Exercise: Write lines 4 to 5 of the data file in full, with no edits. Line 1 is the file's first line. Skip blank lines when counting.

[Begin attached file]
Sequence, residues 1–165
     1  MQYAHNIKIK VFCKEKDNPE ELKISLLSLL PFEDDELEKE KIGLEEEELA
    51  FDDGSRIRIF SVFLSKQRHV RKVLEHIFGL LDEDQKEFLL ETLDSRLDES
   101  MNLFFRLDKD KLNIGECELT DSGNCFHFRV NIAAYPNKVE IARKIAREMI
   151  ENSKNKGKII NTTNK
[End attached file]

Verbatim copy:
   101  MNLFFRLDKD KLNIGECELT DSGNCFHFRV NIAAYPNKVE IARKIAREMI
   151  ENSKNKGKII NTTNK